Moreover, a higher level of parental awareness of child's homework preferences was associated with a child having both higher achievement and more positive attitudes toward homework. Hong, Milgram, and Perkins (1995) compared the level of parental awareness between Korean and U.S. parents. Korean parents reported higher levels of awareness of their children's homework motivation and preference and understood some components of their children's preferences that are highly important in determining the efficacy of homework behavior. For example, Korean parents understood a child's need for appropriate lighting, an aspect of the learning environment that parents can easily adjust for children. The effects of parental understanding on the attitude toward homework and on homework achievement of children were also examined.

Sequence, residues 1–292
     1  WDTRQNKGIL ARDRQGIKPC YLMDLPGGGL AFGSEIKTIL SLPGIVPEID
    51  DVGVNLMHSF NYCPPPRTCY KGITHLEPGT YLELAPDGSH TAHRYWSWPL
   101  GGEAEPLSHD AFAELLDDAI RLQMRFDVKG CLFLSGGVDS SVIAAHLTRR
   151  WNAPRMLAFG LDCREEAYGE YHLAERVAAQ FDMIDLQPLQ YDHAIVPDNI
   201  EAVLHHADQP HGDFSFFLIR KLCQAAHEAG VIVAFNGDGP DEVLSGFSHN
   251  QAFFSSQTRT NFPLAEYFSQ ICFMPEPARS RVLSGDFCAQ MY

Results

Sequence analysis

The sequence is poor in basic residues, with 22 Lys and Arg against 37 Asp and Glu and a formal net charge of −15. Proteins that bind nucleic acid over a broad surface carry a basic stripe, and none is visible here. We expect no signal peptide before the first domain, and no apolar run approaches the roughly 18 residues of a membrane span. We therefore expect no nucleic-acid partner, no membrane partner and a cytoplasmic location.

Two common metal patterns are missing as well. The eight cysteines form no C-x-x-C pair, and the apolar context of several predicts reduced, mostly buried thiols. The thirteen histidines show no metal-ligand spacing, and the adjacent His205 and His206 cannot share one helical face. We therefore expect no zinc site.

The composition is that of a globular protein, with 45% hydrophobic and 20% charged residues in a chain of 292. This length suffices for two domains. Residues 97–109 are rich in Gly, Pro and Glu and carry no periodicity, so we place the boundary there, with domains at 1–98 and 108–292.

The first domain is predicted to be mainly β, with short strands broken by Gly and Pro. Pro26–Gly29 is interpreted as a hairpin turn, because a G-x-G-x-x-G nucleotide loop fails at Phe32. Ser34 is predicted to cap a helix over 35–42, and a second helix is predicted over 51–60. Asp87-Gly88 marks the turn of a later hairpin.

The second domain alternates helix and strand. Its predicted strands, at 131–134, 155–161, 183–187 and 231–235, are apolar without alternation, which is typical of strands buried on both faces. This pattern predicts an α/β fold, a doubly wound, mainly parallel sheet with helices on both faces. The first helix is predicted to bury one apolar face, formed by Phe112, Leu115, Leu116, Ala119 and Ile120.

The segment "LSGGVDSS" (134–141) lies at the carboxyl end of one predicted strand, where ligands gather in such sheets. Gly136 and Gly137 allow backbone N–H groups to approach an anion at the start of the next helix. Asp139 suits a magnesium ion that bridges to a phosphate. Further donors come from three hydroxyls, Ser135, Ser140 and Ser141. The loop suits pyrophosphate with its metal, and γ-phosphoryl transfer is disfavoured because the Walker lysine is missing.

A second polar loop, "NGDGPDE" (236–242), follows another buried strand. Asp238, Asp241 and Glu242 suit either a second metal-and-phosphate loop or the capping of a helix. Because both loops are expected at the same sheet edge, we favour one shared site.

In both studies it was found that parents, as a group, had a relatively accurate understanding of the conditions under which their children prefer to do their homework. Moreover, children who shared with their parent an understanding of their preferences for learning at home, had a more positive attitude toward homework than those who did not. Understanding by parents of their children's homework preferences might result in a more positive attitude toward homework. On the other hand, it is one thing for a parent to understand the child's preferences and quite another to accommodate it and allow the child to do homework that way. For example, a parent might understand that the child prefers to do homework while sprawled on the floor, with music playing, but adamantly refuses to allow this to occur. Perhaps in Hong Kong, parents were both aware of their children's homework preferences and allowed them to do their assignments that way; or many Chinese students already do their homework in the way their parents prefer them to do.